The other day I was talking to my teen girls, I don’t remember about what exactly, but I casually mentioned that something-or-other had come to be expected now that we’re living in another depression.
“It’s a recession, dad, not a depression,” one was quick to correct.
But it’s not a recession, I told them, it’s a depression we’re living in. They looked at me, shocked. A recession, well, that’s something the nation recovers from over time, eventually. But a depression? That’s serious. They study the Depression in school and things were really bad then. So if just saying that is enough to cause them to rethink their world then perhaps we need to change the message. Perhaps we need to look around and see that we really are living in a depression.
Of course, we’d know this if we weren’t so constantly distracted by technology and entertainment to see it. Would you like to prove this to yourself? Put down your smart phones and laptops for a month, turn off the TV and go to an actual sporting event or movie in a theatre, use public transit or walk everywhere you need to go no matter the weather, read only newspapers for information, and pay for everything that week using only cash. Doing this, putting yourself physically back into the world, you’ll start to see more of what’s around you. It’ll look damn depressing.
With this idea of my girls thinking we are only in a recession (call it deep, call it double dip, whatever) and not a depression I began to wonder if our well-honed ability to distract ourselves has prevented us from truly being able to have an effective protest. I was thinking this last night while I was making dinner and listening to the radio when a story came on featuring a profile of an article in the Sunday New York Times about how the Occupy Wall Street protests were creating a sort of public architecture. The Times architecture critic Michael Kimmelman had enthusiastically embraced the movement’s occupation of a public/private space as a reinvention of a democratically formed community, with its own organically borne standards and definitions of that space. Kimmelman’s article boldly skips along drawing comparisons with Vietnam protests taking over Central Park in the 60s, Bejing and Berlin in ’89, the democracy movement in Cairo, all as a through-line to the Occupy Wall Street movement in Zuccoti Park.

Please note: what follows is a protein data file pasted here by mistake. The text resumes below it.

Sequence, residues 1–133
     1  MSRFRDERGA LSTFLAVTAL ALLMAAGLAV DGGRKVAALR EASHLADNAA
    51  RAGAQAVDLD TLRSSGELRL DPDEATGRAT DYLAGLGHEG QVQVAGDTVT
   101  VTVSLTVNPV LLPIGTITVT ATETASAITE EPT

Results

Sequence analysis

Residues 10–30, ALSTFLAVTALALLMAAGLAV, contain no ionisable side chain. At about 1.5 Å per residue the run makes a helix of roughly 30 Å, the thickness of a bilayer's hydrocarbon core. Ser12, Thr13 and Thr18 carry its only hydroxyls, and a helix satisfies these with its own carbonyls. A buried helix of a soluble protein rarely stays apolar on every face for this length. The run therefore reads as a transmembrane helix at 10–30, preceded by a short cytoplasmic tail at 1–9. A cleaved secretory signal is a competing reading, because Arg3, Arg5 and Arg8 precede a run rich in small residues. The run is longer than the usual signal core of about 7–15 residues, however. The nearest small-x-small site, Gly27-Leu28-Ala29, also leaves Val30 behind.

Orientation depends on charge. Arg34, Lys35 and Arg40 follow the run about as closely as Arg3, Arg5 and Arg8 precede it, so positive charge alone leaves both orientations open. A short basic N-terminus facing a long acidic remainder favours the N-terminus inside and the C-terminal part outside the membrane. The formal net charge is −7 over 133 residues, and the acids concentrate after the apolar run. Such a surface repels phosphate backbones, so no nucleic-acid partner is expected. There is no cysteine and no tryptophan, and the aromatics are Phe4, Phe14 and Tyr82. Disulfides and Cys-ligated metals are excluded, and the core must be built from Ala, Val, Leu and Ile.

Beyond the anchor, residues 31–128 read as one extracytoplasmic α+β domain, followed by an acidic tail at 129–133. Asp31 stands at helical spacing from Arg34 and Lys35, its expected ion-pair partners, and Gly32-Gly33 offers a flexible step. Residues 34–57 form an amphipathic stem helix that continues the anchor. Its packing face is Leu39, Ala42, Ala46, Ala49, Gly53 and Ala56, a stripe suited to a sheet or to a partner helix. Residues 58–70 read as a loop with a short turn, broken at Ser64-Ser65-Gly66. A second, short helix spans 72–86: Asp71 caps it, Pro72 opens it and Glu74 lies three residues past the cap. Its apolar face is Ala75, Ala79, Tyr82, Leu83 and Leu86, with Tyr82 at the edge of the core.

It’s an interesting idea on the face of it but the tone of both the article and the radio interview struck me as just being a little too brightly off-key, like a child singing too loud to compensate for their fear of forgetting the lyrics. The lyrics in this case are the echoes of the Great Depression, and the exuberance of all this communal democracy drowns out the reality that the Occupy Wall Street movement is the modern manifestation of the Hoovervilles of the Depression, not some bold political wind of change.
Replace the displaced dust-bowl farmers and displaced factory workers with un- and under-employed Americans who have been convinced to amass bad debt and accept lower wages and these Occupy Wall Street communities look like nothing less than the shanty villages that sprung up during the Hoover administration before “too big to fail” became a viable means to keep financial solutions alive. It pains me to think of these protest encampments springing up across the country under Obama’s watch because I fully believe he inherited these problems and doesn’t have what is necessary to fix or change things. I think the movement may turn out to be a true political zeitgeist with the ability to shift the direction the country takes, but perhaps not in the ways we imagined.
The only positive hope I can hold onto through this repeat of history is that as these Obamopoleis continue to spring up and take root that eventually the government can and will deliver the necessary reforms and programs that place us at the cusp of an FDR-like change in civic and civil responsibility. I’d like my girls to see a country that stopped yelling at one another long enough to build something good. I’d like for them to witness what it means when people work together to ensure that everyone gets the same chances, that there is more life than playing video games on a touch screen, or believing that if enough people repeat the same fiction about living in a recession then surely things aren’t so bad that they need to worry about them.